Diageo Plc’s East African unit is using macadamia shells, sugar bagasse and coffee and rice husks to produce electricity at factories in Kenya and Uganda, moving it closer to net-zero status eight years ahead of schedule.
(Bloomberg) — Diageo Plc’s East African unit is using macadamia shells, sugar bagasse and coffee and rice husks to produce electricity at factories in Kenya and Uganda, moving it closer to net-zero status eight years ahead of schedule.
East African Breweries Plc, which contributes about 1% of Kenya’s gross domestic product, had a 2030 target to run operations on renewable power. It’s already at 97%, exceeding its target of 95%, according to a sustainability report published Wednesday.
By burning agricultural waste supplied by farmers for steam, the brewer is producing sufficient power to enable it to balance out greenhouse gases produced by its other activities, according to Chief Executive Officer Jane Karuku. It has similar plans for a factory in Moshi, Tanzania, she said in an interview in the Kenyan capital, Nairobi.
In Kenya, its plants generate sufficient power to help slash the company’s carbon emissions by 95%, or 34,000 tons a year, according to the sustainability report. Biomass is a green source of energy and its emissions are 95% less than those by fossil fuel, according to EABL.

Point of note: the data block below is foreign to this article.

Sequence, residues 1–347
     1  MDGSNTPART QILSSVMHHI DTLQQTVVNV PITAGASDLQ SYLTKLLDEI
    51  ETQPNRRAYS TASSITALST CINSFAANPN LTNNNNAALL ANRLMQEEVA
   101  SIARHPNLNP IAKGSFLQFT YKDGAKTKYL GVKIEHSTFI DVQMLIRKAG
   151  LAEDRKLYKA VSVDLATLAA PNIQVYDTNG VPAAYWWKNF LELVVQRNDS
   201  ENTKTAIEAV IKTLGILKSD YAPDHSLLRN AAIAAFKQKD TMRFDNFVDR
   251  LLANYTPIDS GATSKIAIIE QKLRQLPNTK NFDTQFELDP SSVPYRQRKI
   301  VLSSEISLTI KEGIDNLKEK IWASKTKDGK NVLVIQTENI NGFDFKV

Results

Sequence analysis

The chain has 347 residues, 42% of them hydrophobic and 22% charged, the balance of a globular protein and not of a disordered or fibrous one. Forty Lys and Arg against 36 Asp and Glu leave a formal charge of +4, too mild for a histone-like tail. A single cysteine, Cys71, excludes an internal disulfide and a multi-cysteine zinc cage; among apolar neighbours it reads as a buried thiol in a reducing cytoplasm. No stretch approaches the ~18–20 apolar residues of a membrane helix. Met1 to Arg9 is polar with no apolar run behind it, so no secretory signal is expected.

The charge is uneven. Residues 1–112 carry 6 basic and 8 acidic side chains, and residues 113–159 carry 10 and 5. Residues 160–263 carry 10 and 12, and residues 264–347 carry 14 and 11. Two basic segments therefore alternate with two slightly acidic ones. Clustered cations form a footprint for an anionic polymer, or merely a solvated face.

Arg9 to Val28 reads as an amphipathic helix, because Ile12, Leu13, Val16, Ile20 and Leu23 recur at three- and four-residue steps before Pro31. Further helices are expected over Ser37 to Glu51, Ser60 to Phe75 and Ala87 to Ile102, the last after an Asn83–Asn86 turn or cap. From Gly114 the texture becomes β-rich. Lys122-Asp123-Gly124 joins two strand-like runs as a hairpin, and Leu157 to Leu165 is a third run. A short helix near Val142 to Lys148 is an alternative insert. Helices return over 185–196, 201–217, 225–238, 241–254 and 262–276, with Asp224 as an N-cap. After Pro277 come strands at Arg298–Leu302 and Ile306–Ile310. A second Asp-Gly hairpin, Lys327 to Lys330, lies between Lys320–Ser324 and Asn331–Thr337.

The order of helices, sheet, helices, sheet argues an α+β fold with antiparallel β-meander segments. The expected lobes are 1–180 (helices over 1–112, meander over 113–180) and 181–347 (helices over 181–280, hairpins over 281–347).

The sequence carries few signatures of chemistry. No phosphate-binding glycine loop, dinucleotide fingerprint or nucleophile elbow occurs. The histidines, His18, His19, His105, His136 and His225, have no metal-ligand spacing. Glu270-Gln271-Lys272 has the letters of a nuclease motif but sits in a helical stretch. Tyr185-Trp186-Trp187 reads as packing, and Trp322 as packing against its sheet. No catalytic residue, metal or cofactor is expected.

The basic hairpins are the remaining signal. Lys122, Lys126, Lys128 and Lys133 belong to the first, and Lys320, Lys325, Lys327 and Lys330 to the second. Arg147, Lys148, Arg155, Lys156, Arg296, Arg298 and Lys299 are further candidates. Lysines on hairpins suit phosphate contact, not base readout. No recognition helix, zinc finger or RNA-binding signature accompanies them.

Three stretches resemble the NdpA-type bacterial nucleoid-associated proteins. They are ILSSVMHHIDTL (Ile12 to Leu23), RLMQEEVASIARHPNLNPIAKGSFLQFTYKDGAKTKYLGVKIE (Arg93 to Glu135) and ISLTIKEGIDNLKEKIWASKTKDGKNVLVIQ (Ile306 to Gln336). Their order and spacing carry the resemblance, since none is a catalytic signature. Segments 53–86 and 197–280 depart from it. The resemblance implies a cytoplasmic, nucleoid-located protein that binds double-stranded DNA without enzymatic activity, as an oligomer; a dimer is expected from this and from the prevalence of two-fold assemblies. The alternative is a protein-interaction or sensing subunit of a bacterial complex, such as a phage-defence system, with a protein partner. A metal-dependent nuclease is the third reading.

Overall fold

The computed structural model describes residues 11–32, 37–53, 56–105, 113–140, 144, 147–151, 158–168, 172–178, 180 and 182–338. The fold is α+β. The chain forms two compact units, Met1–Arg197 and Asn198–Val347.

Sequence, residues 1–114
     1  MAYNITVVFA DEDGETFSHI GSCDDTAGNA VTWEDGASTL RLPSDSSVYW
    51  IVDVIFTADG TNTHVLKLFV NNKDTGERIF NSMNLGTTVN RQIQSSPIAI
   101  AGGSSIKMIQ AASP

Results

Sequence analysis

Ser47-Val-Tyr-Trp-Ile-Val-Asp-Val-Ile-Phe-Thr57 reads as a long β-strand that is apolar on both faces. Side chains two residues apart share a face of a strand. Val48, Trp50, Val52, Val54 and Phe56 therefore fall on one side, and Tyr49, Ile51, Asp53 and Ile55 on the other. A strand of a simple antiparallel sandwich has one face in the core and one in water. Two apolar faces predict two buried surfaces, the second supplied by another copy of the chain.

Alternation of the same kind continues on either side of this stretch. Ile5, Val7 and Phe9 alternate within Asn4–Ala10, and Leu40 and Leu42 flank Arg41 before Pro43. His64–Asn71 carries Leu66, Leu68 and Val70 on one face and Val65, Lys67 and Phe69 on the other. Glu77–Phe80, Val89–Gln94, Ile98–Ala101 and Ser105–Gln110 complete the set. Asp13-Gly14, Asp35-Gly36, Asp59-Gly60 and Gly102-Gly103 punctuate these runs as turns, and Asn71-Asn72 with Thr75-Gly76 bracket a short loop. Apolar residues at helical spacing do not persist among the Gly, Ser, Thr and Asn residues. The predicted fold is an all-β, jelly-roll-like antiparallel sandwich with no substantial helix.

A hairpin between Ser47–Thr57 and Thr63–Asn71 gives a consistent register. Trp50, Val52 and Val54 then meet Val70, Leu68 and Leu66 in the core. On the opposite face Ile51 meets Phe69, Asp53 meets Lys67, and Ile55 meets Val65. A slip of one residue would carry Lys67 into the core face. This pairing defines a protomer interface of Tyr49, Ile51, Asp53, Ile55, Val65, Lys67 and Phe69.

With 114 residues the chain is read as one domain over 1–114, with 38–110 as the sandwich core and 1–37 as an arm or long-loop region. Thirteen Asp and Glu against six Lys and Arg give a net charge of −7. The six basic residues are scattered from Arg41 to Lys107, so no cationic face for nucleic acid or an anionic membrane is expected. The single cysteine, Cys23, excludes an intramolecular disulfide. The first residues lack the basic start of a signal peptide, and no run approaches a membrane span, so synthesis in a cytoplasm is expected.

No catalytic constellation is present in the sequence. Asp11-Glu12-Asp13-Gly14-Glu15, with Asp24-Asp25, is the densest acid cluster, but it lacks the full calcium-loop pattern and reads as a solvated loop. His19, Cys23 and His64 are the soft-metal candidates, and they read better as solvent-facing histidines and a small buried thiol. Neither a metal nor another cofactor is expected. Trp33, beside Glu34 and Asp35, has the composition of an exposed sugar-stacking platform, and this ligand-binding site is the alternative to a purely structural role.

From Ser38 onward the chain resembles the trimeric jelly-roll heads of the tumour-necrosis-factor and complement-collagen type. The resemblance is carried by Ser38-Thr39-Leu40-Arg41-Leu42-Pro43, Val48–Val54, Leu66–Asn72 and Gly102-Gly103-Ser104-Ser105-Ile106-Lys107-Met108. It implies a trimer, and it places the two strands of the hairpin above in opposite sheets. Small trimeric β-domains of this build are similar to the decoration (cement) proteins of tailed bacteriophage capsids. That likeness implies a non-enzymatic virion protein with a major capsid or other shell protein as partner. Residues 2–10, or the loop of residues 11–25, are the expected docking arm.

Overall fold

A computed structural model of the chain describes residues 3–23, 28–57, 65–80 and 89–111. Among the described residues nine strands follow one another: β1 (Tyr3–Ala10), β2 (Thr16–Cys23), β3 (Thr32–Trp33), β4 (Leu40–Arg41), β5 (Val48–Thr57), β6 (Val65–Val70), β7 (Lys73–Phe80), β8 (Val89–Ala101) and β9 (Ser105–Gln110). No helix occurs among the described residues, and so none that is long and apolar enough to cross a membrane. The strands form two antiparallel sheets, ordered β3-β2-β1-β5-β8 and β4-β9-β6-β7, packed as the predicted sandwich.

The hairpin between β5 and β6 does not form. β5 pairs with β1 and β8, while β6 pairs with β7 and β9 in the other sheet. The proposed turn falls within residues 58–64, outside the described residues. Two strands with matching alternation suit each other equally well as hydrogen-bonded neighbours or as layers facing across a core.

EABL’s home market of Kenya prides itself for sourcing more than 90% of its power from renewable energy including hydro, geothermal, wind and solar.
The East African nation currently has installed capacity of 3,081 megawatts, out of which 949 megawatts is geothermal and 838 megawatts is hydro. The use of biomass for electricity is relatively nascent in the nation, where some manufacturers are turning to green sources as a back-up during frequent outages, rather than using costly diesel-powered generators.
“All employees are working quite hard to develop the backward supply chains because biomass is not quite developed,” Karuku said.
(Updates with Kenya’s renewables in penultimate paragraph)